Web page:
Utilities amp up lobbying over climate debate

Fifty of the nation's largest electric utilities amped up spending on lobbyists by 30% late last year to influence the debate in Congress just underway on one of the biggest issues facing lawmakers: climate change.

From Duke Energy, with 4 million customers, to American Electric Power (AEP), which sells energy in 11 states, the companies spent a total $51 million in the last six months of 2008, $12 million more than the same period in 2007, a USA TODAY review of lobbying reports shows.

"It's what industry does with legislation. They make it better for their bottom line," said John Coequyt of the Sierra Club, an environmental group.

Buoyed by President Obama's support, House Democrats want a "cap-and-trade" system requiring utilities to cut carbon emissions 20% by 2020 from 2005 levels or buy credits from lesser-polluting firms to offset emissions above the limit. Critics, including House Minority Leader John Boehner of Ohio, say those costs will fall to consumers.

Climate change has become a boon to lobbyists on all sides of the issue, despite Obama's attempt to lessen the influence of special interests. A Center for Public Integrity analysis shows interest groups involved with climate change hired 2,430 lobbyists in the past year, up 300% from five years ago.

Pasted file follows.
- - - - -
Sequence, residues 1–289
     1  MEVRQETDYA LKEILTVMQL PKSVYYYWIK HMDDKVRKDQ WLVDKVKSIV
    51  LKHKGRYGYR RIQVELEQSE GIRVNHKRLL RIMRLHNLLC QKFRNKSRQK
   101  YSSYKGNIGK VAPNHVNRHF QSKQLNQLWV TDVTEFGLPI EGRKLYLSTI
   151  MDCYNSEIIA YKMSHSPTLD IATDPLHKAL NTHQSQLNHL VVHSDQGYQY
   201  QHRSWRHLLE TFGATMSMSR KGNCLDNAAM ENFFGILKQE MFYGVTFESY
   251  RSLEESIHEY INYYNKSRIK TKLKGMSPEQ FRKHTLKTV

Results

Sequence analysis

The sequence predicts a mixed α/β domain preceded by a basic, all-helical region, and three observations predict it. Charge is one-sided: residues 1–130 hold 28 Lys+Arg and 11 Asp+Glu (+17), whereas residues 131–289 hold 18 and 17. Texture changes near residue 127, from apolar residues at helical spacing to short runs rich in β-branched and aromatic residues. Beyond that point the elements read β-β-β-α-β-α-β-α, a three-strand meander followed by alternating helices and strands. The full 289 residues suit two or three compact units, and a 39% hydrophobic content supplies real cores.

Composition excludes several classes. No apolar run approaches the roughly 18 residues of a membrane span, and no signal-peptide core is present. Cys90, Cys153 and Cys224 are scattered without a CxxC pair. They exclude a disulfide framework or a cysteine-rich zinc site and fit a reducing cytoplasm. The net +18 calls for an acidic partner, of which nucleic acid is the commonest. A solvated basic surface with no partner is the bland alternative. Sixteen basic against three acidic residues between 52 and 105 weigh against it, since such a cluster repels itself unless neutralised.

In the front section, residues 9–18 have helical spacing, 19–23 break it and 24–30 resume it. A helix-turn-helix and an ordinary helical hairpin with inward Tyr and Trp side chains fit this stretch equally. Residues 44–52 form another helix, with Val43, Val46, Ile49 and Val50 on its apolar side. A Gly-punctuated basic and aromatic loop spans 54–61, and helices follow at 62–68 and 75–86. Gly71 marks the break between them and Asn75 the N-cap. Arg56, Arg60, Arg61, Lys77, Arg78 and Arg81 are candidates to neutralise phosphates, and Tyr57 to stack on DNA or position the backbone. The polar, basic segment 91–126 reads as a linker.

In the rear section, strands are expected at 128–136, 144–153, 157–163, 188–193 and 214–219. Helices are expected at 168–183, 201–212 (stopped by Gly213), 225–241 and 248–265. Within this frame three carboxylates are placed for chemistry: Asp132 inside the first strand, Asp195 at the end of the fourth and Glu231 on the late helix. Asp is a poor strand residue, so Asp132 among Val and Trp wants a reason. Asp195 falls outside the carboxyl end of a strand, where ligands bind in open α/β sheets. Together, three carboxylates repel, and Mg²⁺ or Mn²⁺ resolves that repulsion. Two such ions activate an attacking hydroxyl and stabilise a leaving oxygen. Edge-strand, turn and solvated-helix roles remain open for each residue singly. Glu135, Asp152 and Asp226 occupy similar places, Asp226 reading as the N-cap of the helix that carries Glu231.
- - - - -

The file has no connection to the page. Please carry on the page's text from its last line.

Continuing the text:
Work on the legislation began last October when Rep. John Dingell, D-Mich., introduced a similar cap-and-trade bill. Momentum increased after Obama's election, and in March two Democrats introduced the current "discussion draft" bill.

Some utilities, including AEP, say they support cap-and-trade but want to shape how it will work. A key question is whether the government will initially sell emission credits or distribute some free.

Mike Morris, AEP's CEO, called the proposal a good start but said unresolved details may determine how much electric bills will go up. The company's lobbying increased to $8.4 million in the second half of 2008, up from $1.4 million in 2007.

"It has everything to do with our customers," said Morris, who said much of the increase was due to issues other than climate change. "It has a direct and immediate effect on my customers."

Duke's lobbying jumped 57% to $3.4 million in 2008, lobbying reports show. Spokesman Thomas Williams said the company reported lobbying differently in 2008, throwing off the comparison.

Environmental groups increased lobbying, too, including the Sierra Club, whose expenses nearly doubled to $450,000 over the same period.